Saving for the future is crucial, but it’s also easy to put off. Whether we like it or not, coming up with a savings plan takes time. And sitting down to set a budget so you can save for a down payment on a house or grow a healthy emergency fund is the last thing you want to do on a Saturday after a long week.
Unfortunately, that’s how you end up putting your extra cash into the checking account you opened at 16. That’s not the worst thing, but there are more-effective places to keep your money that might yield more interest.
If your money is sitting in a bank account accruing absolutely no interest, the purchasing power of your cash is likely being eroded by inflation. Here’s how high-interest savings accounts stack up against run-of-the-mill checking accounts, savings accounts, and CDs.
Savings Account Interest Rates
Let’s talk about the interest you’re getting in a savings account. You can think of interest as what a bank will pay you to store your cash in their building. For example, while interest in most savings accounts gets paid out monthly, if it were to compound annually, a bank would essentially pay you $50 of interest on a $5,000 balance.
So at the end of the year, if you earned 1% APY interest, your account total would be $5,050. Savings account interest rates compound, which means that the next year, if we continue to assume that the total compounds annually instead of monthly, the bank would pay you interest on the $5,050 in your account, bringing your hypothetical total to $5,100.50.
That sounds pretty good, right? You sock away some money and it grows every year. Well, here’s the bad news: The average savings account interest rate is 0.06% and most big box banks only pay 0.01% annually . With a 0.01% interest rate, the $5,000 you saved would only earn $5 for the entire year it sat in your savings account. (Though again, this is assuming the interest compounds annually instead of monthly.)
Keeping Money in a Certificate of Deposit
Another option people use to grow their savings is a CD, or a certificate of deposit. A CD is a savings certificate that lets your money grow like it would in a high-yield savings account—with compounding interest.
Unlike a regular savings account, however, CDs have some serious restrictions to consider before making a deposit. If you put your money in a CD, you agree to leave your money in the account for a certain amount of time. This means when your cash is in a CD, it isn’t liquid in the way it would be in a savings account. If you want to withdraw money from a CD before it comes due, you have to pay a penalty.
Furthermore, the interest rates most CDs offer are tied to the length of time you agree to keep your money in the account. And typically if you sign on to keep your money in a CD for longer, you’re able to get a better interest rate. CD rates cap out at 2.5% interest —and that is for a CD with a term of five years.
Keeping Money in a Run-of-the-Mill Checking Account
The average checking account in the U.S. has $3,700 in it, which implies that most Americans store at least a small amount of cash savings in their checking account.
Checking accounts are for routine use. While a savings account is meant to go untouched (there are typically withdrawal limits), a checking accounts’ primary purpose is day-to-day transactions. As a result, keeping savings in a run-of-the-mill checking account is typically inadvisable, especially because with an average interest rate of 0.06% , there isn’t much incentive to leave savings in there.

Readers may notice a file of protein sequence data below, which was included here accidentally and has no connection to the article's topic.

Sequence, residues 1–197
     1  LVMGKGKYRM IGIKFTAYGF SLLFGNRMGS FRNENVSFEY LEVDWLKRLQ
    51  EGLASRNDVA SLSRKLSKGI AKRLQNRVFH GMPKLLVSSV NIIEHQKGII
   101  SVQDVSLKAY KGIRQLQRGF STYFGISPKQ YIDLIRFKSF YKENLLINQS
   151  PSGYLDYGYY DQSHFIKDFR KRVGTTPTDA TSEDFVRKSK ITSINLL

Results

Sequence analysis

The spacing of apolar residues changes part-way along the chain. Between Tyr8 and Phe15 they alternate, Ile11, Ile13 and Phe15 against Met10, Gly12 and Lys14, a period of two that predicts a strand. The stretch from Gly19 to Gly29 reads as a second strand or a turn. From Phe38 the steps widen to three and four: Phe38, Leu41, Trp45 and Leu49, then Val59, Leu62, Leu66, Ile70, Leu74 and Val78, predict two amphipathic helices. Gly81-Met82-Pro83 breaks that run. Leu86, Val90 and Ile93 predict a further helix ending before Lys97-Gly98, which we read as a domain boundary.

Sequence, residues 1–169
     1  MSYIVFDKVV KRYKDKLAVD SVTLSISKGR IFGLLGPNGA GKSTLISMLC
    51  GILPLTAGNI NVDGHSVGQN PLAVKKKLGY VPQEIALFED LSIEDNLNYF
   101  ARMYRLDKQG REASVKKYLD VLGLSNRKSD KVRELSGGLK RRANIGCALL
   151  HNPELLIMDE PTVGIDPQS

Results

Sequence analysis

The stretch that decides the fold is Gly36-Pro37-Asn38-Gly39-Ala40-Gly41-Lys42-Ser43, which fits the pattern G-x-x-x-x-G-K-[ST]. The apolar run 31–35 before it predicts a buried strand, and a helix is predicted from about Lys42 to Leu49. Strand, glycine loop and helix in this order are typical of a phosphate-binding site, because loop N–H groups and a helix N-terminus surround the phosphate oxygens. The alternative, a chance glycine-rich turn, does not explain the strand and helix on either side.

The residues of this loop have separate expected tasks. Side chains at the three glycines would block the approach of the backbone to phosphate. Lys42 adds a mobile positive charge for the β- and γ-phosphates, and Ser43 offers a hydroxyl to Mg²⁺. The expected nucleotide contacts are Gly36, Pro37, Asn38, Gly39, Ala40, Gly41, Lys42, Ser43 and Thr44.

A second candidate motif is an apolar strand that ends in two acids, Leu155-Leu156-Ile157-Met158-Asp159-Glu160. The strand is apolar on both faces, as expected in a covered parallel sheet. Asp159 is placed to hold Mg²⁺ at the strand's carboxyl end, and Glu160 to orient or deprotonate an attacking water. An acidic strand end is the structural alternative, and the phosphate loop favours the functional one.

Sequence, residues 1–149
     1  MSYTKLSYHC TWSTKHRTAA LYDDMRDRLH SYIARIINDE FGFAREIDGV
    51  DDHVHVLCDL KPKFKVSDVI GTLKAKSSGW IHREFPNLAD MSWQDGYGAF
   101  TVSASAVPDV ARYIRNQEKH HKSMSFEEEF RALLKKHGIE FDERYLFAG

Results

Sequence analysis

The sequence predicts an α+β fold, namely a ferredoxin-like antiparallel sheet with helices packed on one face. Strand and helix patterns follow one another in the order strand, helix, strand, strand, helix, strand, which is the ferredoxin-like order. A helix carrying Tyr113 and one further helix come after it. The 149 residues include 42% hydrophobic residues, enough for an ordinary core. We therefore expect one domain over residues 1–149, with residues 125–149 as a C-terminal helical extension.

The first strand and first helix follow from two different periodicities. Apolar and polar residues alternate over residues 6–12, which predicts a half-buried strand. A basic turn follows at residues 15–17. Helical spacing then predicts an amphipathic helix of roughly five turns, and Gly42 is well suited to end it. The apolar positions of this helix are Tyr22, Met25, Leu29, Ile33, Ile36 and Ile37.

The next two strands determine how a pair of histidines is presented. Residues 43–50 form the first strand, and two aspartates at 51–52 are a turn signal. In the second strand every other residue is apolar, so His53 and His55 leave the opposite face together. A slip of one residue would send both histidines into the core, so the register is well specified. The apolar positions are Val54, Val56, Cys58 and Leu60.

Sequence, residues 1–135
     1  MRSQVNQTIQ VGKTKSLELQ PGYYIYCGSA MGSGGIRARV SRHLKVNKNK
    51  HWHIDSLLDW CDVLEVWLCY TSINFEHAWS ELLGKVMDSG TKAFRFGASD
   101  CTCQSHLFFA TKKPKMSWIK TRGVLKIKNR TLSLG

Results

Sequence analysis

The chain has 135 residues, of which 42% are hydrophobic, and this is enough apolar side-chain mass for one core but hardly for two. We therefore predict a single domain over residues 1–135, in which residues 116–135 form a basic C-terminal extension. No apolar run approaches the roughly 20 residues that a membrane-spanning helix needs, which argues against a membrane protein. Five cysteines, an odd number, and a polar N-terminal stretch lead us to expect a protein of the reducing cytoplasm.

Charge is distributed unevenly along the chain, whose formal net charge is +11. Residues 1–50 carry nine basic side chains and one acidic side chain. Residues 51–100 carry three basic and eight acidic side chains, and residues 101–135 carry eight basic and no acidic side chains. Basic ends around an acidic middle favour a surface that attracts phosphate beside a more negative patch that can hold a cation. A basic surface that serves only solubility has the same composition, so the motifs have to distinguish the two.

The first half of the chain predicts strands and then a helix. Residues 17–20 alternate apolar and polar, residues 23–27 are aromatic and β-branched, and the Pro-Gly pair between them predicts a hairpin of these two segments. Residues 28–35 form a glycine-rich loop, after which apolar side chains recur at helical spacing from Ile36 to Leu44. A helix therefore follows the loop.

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Keeping Money in a High-Interest Checking or Savings Account
High-interest checking accounts are designed to give you the flexibility of traditional checking, but with the added benefit of high interest returns.
Often, these types of accounts are offered by local credit unions or regional banks. The rates vary between institutions, but typically run much higher than savings accounts. In fact, some high-interest checking accounts offer up to 4%.
Unfortunately, these opportunities often come with some fine print. These requirements may be using a debit card a certain number of times per month, automating a bill pay or regular transaction, or maintaining a minimum balance. However, the main fine print to look out for is a balance cap on your interest earnings.
A balance cap basically puts a limit on the amount of money you can earn interest at the high-interest account rate. So, for example, if your credit union offers 3% interest on your checking account, but sets a balance cap at $2,000, you would only grow that interest on the first $2,000.
What SoFi Money Offers
SoFi Money® is a cash management account that lets you spend and save, all in one. Plus, it has no account fees (subject to change).
Plus, you can use any ATM that accepts Mastercard® and we’ll reimburse 100% of your ATM fees, even internationally (subject to change). You’ll still have the ability to write and deposit checks, the option to use a debit card, and the ability to send and receive money—all with the added benefit of earning high interest.
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Tax Information: This article provides general background information only and is not intended to serve as legal or tax advice or as a substitute for legal counsel. You should consult your own attorney and/or tax advisor if you have a question requiring legal or tax advice.
SoFi Money is a cash management account, which is a brokerage product, offered by SoFi Securities LLC, member FINRA / SIPC . Neither SoFi nor its affiliates is a bank.